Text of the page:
My rating: 5 of 5 stars
As I read ‘Dog Ears’ I became increasingly aware of how Blytonian it felt to me. And not Enid Blyton at her worst, but rather Enid Blyton at her best – stories of children being children and trying to exist in a world that adults had shaped for them. ‘Dog Ears’ for me, reads like a warm-hearted, true, honest and contemporary Blyton and I think (I hope) that this is a space that Booth will revel in and continue to make her own.
‘Dog Ears’ is written from the perspective of Anna who spends the book in a conversation with Timmy her golden retriever. He is the only thing that listens to her and, as a result of this, he hears the truth about her world. And the truth is this: Anna is struggling. Her mother’s attention is on her new younger brother Jack, her father is away for work, and Anna’s gran is being a bit scary and trying to help Anna help the family but really not helping out at all. Anna’s getting forgotten in the middle. There’s nobody to wash her uniform, nobody to help her with her homework, and nobody to help her get the right ingredients together for food tech. Things, as you may imagine, cannot continue the way they are. Anna’s caring for everybody but nobody’s caring for Anna.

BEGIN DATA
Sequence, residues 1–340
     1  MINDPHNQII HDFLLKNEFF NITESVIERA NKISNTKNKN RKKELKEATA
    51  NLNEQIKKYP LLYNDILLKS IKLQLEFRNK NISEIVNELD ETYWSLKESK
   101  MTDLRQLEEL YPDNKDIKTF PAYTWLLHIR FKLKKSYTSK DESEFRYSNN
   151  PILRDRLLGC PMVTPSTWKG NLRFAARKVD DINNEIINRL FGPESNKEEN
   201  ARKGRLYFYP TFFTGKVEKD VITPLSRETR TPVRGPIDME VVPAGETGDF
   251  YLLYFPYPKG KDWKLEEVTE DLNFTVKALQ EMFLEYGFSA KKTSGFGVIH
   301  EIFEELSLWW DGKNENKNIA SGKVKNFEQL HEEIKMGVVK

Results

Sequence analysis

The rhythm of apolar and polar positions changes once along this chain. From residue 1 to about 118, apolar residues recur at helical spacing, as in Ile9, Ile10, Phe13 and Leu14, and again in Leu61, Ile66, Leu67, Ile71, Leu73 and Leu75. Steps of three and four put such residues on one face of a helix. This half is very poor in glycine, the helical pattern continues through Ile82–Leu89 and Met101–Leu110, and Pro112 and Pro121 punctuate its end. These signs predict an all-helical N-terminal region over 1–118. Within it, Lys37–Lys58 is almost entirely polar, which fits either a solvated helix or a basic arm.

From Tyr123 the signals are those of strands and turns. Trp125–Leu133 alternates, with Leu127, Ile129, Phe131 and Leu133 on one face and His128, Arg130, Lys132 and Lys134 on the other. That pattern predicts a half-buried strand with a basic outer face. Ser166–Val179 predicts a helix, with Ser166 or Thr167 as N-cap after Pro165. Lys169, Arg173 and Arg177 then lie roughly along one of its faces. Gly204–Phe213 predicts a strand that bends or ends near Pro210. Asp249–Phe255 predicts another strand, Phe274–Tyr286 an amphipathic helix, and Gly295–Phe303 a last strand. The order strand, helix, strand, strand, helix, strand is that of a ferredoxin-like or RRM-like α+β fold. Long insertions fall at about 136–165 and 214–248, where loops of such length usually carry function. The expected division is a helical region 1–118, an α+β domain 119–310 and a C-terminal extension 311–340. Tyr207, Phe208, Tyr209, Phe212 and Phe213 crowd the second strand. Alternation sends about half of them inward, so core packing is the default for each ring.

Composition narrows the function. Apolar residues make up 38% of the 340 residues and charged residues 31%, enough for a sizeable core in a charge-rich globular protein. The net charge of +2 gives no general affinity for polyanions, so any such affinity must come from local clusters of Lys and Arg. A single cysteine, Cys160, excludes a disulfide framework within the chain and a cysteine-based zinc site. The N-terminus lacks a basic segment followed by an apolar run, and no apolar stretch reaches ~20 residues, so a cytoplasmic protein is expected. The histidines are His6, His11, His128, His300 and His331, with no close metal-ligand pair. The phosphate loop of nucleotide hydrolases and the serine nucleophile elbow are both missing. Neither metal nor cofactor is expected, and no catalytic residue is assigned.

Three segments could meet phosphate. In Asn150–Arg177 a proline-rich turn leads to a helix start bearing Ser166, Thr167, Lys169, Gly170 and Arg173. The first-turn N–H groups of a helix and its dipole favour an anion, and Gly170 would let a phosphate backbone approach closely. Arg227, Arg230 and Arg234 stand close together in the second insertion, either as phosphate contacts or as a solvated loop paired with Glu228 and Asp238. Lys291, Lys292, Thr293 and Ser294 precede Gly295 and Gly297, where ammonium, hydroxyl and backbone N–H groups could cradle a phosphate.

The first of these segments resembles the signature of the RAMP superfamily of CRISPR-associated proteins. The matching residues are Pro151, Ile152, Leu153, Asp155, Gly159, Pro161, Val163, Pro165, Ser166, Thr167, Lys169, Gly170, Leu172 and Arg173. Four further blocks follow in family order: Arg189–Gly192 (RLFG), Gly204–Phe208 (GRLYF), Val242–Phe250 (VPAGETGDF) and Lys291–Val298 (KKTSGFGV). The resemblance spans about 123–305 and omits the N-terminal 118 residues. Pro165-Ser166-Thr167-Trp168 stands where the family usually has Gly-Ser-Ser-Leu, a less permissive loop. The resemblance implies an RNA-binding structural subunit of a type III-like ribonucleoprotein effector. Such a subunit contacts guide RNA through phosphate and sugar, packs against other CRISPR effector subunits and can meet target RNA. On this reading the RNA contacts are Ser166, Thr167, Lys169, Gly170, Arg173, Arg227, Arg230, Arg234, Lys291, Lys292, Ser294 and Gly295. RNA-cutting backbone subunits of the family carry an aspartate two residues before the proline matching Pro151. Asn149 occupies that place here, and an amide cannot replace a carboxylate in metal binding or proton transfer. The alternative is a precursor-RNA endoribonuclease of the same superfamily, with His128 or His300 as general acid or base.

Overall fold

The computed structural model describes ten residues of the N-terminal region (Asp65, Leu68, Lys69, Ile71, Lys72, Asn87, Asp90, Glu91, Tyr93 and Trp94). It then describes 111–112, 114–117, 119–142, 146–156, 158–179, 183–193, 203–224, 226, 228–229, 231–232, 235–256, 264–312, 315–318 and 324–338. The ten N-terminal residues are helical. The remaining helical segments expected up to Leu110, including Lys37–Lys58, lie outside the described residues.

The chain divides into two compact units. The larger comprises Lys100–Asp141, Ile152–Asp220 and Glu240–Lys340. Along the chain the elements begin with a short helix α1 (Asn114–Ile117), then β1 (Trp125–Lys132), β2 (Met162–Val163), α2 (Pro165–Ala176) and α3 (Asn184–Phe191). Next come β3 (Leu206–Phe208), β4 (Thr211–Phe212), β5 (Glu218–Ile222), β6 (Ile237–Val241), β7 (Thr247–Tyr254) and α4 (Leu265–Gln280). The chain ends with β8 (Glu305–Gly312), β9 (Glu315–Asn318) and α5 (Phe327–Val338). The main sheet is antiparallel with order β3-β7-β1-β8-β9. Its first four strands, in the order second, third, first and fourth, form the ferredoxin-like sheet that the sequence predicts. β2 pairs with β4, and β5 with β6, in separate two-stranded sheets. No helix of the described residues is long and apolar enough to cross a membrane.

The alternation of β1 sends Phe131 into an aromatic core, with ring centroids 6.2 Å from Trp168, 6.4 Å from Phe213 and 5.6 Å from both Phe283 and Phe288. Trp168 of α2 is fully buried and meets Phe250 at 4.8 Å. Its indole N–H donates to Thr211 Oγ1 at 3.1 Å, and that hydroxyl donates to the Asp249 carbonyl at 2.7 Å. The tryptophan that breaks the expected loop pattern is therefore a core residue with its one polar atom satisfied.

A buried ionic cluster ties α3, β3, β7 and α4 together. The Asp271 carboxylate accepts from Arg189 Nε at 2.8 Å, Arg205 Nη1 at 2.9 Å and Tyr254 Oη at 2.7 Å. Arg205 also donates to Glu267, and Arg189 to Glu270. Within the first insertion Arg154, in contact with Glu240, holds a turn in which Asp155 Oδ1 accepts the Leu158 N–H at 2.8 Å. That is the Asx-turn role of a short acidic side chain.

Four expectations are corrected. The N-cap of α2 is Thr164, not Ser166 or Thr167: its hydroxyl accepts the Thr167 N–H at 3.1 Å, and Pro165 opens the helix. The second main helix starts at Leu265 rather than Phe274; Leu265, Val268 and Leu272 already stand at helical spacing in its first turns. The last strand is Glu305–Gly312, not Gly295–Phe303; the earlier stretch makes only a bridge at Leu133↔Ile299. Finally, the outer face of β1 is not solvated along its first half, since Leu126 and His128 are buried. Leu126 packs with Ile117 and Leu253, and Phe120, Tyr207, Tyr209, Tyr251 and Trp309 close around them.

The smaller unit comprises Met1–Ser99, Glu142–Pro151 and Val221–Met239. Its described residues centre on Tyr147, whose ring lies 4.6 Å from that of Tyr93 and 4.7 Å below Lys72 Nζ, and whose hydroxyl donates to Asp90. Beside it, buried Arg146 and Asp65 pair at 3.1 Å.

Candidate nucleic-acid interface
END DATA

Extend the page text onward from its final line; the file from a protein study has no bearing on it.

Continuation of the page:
Booth’s writing is very, very genuine. She sort of puts ‘Dog Ears’ into a space where it’s not okay for this sort of thing to be happening but you can see why it does and – maybe more importantly – you can understand the way that people act how they do. I can’t think of many other authors that can present the world with this sort of honesty. There’s also a very sensitively handled subplot about some of the other children in Anna’s class who, it turns out, are experiencing similar issues. What’s also worthwhile noting is that there’s a very well-handled afternote from Booth in the book and also several links and details to charities which support young carers. ‘Dog Ears’ is presented very very well and this last section of supportive resources is an excellent touch on both the part of Booth and of Catnip, the publishers.
I like ‘Dog Ears’. I like it a lot. I like the genuine nature of it and the way it’s never horribly didactic. I like Booth’s warmth and love in her writing; the genuine curve of a sentence that just captures children’s speech and the funny little asides that, even in a very serious book, are full of humour. I like that this book exists. I like that a lot. There’s such a space for books like this and I would like more please, thank you.